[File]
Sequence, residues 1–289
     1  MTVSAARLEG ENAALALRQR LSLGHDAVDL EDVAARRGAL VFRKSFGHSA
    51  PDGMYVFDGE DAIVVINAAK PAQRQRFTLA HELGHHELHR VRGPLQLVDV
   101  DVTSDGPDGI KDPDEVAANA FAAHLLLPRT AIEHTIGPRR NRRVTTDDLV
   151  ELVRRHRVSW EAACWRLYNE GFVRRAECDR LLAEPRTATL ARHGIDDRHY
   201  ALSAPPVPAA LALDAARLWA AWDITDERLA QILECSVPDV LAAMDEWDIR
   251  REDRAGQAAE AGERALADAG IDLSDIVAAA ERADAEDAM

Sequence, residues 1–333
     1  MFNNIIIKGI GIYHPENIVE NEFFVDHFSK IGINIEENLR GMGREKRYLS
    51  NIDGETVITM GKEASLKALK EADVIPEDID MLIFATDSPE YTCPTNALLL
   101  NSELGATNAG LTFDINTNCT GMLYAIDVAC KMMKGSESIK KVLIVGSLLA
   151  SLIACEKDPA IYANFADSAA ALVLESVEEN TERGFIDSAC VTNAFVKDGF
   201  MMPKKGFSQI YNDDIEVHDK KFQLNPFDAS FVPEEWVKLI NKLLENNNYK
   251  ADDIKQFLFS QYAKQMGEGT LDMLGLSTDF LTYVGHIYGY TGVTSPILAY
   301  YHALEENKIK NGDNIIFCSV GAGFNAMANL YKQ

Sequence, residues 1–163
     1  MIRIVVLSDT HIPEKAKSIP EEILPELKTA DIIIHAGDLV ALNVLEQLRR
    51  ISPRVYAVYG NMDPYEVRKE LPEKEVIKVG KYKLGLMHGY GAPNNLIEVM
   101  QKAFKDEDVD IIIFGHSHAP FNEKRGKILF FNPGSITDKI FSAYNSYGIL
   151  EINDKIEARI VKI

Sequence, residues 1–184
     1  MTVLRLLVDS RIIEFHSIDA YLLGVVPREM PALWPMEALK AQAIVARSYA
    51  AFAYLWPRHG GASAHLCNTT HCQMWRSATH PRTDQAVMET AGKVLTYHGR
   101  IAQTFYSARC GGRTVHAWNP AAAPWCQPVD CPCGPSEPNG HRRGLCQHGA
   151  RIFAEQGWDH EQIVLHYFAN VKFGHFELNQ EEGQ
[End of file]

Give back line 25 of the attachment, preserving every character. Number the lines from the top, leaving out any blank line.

   151  RIFAEQGWDH EQIVLHYFAN VKFGHFELNQ EEGQ